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Maya Mayblin

Maya Mayblin is a senior lecturer in social anthropology at the University of Edinburgh, Scotland. Maya has conducted extensive fieldwork in Brazil and the UK on ritual, religion, power and sexuality and her writing explores the existential tensions and consequences of Catholic theology, political activism and devotional practice in contemporary world. She has published widely on the anthropology of religion, is the author of the monograph Gender, Catholicism, and Morality in Brazil: virtuous Husbands, powerful wives (2010, Palgrave Macmillan), and co-editer of The Anthropology of Catholicism: a reader (University of California Press, 2017). Her current book project is a major ethnographic study of the intersection of secular and religious power in Northeast Brazil. Based on fieldwork spanning 20 years, it follows the lives of a group of Catholic priests’ who left ministry to participate in democratic party politics.


On the Catholicity of Desire

Although its aim is to provide a snapshot of our research and thinking on the topic of desire, this symposium hints at aspects of ourselves as desiring subjects, as people who bring differing social and sexual identities to their work, and who inhabit religious and secular worlds in diverse ways.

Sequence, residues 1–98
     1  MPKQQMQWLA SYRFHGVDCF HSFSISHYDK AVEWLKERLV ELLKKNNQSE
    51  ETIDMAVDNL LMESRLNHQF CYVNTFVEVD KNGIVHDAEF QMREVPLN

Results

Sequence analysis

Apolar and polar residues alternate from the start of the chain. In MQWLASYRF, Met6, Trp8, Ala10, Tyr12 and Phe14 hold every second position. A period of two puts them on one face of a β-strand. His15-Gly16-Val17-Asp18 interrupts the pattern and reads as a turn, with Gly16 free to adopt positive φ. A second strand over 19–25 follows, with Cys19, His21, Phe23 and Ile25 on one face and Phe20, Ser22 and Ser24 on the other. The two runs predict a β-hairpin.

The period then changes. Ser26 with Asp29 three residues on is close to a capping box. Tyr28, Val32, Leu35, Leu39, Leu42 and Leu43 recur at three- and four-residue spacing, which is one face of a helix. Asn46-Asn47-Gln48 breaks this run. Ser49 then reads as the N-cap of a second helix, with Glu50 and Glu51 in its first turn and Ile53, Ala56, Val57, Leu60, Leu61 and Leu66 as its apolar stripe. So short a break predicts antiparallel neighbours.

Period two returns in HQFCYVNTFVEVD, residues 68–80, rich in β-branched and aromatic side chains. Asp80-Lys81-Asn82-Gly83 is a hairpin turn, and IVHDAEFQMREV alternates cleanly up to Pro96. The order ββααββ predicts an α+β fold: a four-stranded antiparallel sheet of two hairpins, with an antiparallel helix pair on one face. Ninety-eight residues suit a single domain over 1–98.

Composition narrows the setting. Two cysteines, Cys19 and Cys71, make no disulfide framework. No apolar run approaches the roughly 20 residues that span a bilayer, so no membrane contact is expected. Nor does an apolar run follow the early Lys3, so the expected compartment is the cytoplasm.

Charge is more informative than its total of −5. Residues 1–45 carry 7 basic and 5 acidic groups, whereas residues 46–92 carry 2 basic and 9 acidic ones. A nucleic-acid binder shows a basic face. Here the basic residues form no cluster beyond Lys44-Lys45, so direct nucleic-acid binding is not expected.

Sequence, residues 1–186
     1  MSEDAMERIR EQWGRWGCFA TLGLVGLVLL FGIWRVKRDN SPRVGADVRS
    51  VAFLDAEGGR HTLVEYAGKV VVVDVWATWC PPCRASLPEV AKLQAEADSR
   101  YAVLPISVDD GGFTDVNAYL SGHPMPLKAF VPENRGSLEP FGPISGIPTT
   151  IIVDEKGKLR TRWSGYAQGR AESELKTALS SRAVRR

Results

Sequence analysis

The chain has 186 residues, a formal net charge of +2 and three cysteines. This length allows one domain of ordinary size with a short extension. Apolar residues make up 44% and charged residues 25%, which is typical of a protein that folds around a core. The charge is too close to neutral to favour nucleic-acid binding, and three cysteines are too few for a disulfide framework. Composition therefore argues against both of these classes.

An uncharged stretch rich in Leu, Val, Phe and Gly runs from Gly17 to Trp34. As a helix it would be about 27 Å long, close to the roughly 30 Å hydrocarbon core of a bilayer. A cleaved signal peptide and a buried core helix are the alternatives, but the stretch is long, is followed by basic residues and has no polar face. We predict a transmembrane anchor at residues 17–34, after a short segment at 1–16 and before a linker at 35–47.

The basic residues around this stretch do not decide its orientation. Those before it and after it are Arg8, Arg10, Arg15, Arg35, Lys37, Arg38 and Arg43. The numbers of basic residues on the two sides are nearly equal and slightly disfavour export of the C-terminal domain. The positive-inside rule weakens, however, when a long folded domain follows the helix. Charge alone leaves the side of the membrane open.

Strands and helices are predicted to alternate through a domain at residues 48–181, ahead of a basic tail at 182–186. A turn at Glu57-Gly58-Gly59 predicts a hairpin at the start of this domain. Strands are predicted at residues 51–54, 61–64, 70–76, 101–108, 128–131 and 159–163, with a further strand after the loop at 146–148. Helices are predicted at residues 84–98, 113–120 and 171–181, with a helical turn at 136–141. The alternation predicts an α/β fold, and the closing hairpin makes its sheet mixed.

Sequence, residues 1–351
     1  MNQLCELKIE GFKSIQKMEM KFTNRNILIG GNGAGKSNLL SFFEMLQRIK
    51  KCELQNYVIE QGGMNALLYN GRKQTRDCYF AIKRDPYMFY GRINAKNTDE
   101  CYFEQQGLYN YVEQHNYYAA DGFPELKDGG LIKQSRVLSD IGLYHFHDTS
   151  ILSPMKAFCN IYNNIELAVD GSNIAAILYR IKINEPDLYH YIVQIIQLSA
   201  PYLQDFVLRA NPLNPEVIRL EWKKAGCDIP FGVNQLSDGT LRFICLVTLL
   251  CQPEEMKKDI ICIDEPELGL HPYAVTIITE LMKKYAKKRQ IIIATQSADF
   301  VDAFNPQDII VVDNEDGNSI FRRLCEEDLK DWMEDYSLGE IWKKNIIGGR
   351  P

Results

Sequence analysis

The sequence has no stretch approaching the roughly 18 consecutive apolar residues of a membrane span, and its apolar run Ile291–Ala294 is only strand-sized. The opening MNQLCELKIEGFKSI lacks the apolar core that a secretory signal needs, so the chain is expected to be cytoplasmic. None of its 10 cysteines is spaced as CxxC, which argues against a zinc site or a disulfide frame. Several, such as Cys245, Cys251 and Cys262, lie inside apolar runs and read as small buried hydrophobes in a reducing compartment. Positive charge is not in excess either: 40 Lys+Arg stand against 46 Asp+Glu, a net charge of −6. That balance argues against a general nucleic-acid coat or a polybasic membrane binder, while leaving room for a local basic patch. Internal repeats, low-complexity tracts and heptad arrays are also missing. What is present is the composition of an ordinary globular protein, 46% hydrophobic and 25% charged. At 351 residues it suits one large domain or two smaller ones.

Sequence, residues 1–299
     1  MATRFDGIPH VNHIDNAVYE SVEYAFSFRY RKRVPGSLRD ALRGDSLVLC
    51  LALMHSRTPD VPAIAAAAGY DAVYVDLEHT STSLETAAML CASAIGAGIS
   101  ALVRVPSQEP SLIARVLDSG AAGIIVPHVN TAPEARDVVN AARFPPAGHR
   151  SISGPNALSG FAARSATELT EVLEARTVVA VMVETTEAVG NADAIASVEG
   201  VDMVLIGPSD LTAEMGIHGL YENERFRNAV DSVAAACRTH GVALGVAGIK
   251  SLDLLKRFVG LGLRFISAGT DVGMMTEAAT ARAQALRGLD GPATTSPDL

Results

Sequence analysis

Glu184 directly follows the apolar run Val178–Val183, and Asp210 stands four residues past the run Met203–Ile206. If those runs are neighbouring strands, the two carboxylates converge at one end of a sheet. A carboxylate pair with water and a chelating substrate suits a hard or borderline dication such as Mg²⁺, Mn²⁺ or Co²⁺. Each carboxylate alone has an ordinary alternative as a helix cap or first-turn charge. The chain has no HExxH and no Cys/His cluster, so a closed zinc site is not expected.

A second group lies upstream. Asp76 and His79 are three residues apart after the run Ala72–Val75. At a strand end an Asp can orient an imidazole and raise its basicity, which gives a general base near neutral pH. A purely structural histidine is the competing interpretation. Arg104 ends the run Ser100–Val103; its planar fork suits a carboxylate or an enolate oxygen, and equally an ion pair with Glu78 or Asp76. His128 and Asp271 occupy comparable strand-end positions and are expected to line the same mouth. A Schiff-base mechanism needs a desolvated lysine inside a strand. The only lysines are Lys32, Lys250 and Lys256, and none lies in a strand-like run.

Women’s Desire for Priests

Reflections on a Catholic ‘gender paradox’: When womens’ desire for priests drives the Church’s ‘passionate machine’

Pussy Riot and the Church

This piece is from the Political Theology Network archives originally posted on August 23, 2012.

In Memoriam:                                                                      Metropolitan John D. Zizioulas and the Journey of Theology Toward the Future

The prominent Eastern Orthodox theologian Metropolitan John D. Zizioulas of Pergamon (Ecumenical Patriarchate) passed in Athens, on February 2, 2023.


From Myanmar to Mariupol, from the streets of Memphis to the waves and winds of the Mediterranean Sea: resistance to violence takes many forms. So does political protest against precarity. At which point does the unavoidable vulnerability of the living condition come to expression as political agency? Can such precarious politics constitute or configure an alternative community?